DJ Slimzee, co-founder of the massive Rinse FM and member of the legendary Pay As You Go Cartel was born in East London and grew up immersed in pirate radio with the likes of Dizzee Rascal & Wiley.

Fast forward to 2015 and Slimzee is regarded as one of the UK’s true underground heroes, still calmly demolishing clubs around the world with ease. He boasts an unrivaled library of custom grime dub-plates and rare classics.  Combined with a perpetual hunger for fresh, forward sounds, there is nobody in the world that can deliver a set like Slimzee.

SLIMZEE’S GOING ON TERRIBLE from Rollo Jackson on Vimeo.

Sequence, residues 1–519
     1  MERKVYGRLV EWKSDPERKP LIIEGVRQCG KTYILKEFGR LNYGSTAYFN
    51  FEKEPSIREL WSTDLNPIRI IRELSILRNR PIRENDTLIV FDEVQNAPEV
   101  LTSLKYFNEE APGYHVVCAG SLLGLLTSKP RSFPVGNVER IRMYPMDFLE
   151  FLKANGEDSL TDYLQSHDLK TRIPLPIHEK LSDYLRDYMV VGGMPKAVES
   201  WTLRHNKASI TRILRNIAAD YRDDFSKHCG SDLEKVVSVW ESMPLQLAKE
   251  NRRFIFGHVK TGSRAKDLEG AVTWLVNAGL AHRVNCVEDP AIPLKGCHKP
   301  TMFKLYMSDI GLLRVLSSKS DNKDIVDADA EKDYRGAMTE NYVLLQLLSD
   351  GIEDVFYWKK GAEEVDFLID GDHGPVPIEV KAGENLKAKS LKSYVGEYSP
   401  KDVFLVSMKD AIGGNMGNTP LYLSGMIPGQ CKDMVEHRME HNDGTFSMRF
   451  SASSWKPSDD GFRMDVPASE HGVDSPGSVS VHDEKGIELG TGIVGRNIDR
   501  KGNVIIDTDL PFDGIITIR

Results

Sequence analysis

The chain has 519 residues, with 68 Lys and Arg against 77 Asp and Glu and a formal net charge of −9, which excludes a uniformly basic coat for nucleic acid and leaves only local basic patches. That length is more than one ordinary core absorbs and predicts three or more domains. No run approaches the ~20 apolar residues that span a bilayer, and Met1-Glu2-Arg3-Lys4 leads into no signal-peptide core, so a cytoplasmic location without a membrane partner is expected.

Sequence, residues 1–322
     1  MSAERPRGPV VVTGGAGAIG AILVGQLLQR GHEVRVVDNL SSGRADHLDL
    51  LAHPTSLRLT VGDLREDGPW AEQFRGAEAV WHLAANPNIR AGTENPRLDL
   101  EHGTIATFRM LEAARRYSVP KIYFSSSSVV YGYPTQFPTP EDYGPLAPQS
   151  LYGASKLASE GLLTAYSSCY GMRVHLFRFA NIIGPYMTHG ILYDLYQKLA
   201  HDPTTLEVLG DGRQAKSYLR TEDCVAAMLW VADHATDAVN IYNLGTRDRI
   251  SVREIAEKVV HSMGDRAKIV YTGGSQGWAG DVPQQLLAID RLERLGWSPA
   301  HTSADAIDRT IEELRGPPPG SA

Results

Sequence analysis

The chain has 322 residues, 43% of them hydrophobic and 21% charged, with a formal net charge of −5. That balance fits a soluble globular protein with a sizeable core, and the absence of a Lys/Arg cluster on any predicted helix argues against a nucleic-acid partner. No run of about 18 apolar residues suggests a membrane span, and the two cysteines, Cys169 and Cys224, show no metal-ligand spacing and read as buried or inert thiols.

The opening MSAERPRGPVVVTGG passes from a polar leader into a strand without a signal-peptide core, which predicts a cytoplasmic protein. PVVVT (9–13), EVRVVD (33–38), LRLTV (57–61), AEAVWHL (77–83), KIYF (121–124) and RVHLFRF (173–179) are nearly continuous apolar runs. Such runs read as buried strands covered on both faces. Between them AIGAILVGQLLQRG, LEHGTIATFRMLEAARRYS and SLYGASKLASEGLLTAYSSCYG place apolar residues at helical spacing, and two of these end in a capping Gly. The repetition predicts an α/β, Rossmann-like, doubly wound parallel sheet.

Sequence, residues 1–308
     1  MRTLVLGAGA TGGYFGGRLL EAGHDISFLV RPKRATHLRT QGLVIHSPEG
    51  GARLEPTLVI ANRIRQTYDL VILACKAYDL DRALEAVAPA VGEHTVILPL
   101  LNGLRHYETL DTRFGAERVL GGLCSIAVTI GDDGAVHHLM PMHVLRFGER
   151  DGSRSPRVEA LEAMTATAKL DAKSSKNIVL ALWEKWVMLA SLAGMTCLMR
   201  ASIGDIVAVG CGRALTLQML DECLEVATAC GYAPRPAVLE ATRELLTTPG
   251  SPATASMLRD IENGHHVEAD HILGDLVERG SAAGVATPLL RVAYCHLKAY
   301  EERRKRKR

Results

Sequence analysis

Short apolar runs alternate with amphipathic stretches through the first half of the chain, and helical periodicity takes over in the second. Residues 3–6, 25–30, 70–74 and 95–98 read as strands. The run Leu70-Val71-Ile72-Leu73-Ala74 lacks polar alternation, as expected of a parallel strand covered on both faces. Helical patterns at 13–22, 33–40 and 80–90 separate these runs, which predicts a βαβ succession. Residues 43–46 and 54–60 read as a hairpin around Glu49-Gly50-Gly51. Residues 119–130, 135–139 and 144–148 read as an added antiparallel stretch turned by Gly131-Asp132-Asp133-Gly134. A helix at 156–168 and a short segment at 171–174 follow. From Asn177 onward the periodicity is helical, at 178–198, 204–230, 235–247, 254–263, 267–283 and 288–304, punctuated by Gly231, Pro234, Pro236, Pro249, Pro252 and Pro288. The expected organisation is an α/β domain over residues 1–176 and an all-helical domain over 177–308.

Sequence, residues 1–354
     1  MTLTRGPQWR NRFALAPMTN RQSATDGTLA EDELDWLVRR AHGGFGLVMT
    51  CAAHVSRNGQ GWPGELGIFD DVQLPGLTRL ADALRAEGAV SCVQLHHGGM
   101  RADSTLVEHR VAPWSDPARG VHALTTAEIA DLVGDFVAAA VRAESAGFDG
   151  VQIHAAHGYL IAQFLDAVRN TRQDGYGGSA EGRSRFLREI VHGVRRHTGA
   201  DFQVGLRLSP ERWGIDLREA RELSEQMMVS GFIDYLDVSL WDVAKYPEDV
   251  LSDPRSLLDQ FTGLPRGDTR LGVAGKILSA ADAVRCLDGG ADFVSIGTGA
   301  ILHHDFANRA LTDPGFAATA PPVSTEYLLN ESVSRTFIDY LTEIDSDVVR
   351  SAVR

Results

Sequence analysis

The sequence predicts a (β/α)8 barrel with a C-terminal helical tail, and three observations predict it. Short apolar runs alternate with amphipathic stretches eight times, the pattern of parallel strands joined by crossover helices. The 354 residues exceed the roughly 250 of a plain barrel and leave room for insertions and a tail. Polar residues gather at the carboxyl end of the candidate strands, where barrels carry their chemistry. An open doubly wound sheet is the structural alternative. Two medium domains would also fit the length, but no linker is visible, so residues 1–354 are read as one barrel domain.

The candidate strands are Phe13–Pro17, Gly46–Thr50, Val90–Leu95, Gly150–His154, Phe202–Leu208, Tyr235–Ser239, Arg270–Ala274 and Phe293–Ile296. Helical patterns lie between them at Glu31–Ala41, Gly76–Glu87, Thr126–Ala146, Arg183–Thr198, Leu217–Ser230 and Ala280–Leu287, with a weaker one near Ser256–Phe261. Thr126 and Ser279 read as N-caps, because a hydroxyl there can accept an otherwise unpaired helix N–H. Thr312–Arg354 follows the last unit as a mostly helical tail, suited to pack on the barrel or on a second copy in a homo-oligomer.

Joining him on mic duties for the first time in Edinburgh will be the London City warlord, Riko Dan, part of the original Roll Deep crew.

Also making their Edinburgh debut will be the mighty Kahn & Neek, founders of the vinyl only imprint Bandulu and the duo behind Gorgon Sound. Rest assured that they will be bringing a bag full of exclusive vinyl dubplates to literally obliterate the depths of Edinburgh’s Cowgate.

We are also pleased to be bringing some troops from Too Much Hype and Levels Syndicate in Glasgow through to join our very own DJ Era for a massive b2b selection to warm things up.

Taking over Room 2 will be Astral Black tastemaker Jaisu, spinning some of the funkiest 45’s in existence.

Powered by the Electrikal Sound System.

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Bongo Lives! ’14 FESTIVAL (27th Apr-4th May)

15 April 2014 -

 

BongoLives_brochure_front